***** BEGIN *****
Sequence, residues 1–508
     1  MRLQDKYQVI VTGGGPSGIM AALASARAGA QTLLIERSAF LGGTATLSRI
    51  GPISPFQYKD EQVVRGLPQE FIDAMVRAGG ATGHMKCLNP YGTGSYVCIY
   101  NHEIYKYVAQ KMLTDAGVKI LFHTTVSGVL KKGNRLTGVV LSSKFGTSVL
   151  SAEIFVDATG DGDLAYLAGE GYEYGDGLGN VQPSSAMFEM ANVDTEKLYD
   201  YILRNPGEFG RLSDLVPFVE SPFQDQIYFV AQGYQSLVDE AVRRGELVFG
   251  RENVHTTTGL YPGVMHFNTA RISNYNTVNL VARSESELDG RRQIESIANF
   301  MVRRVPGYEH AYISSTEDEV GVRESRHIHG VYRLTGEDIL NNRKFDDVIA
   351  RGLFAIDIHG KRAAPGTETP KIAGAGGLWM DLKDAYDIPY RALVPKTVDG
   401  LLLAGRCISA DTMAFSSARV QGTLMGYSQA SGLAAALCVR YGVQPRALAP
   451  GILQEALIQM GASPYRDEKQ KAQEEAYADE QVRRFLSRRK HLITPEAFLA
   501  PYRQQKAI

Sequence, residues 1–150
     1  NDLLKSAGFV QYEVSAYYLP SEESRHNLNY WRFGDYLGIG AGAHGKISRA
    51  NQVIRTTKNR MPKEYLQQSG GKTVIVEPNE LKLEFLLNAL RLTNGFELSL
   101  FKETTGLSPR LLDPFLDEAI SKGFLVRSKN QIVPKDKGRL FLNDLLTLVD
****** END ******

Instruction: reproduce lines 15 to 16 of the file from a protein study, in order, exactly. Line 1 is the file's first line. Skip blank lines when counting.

    51  NQVIRTTKNR MPKEYLQQSG GKTVIVEPNE LKLEFLLNAL RLTNGFELSL
   101  FKETTGLSPR LLDPFLDEAI SKGFLVRSKN QIVPKDKGRL FLNDLLTLVD